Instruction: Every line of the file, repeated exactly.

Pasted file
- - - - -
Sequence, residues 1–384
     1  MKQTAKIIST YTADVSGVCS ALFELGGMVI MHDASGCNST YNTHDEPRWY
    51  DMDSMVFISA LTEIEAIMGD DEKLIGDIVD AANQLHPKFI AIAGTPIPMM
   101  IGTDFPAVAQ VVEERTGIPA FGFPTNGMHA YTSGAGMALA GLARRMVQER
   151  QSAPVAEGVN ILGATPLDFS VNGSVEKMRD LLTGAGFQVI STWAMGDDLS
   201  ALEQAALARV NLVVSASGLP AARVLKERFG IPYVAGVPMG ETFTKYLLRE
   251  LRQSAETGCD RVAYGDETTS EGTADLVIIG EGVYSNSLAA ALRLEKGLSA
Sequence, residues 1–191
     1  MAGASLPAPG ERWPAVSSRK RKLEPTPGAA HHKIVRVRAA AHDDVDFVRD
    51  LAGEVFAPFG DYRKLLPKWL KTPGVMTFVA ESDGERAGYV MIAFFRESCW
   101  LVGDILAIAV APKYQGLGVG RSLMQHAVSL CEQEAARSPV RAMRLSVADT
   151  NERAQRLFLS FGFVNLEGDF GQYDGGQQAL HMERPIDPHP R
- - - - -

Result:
Sequence, residues 1–384
     1  MKQTAKIIST YTADVSGVCS ALFELGGMVI MHDASGCNST YNTHDEPRWY
    51  DMDSMVFISA LTEIEAIMGD DEKLIGDIVD AANQLHPKFI AIAGTPIPMM
   101  IGTDFPAVAQ VVEERTGIPA FGFPTNGMHA YTSGAGMALA GLARRMVQER
   151  QSAPVAEGVN ILGATPLDFS VNGSVEKMRD LLTGAGFQVI STWAMGDDLS
   201  ALEQAALARV NLVVSASGLP AARVLKERFG IPYVAGVPMG ETFTKYLLRE
   251  LRQSAETGCD RVAYGDETTS EGTADLVIIG EGVYSNSLAA ALRLEKGLSA
Sequence, residues 1–191
     1  MAGASLPAPG ERWPAVSSRK RKLEPTPGAA HHKIVRVRAA AHDDVDFVRD
    51  LAGEVFAPFG DYRKLLPKWL KTPGVMTFVA ESDGERAGYV MIAFFRESCW
   101  LVGDILAIAV APKYQGLGVG RSLMQHAVSL CEQEAARSPV RAMRLSVADT
   151  NERAQRLFLS FGFVNLEGDF GQYDGGQQAL HMERPIDPHP R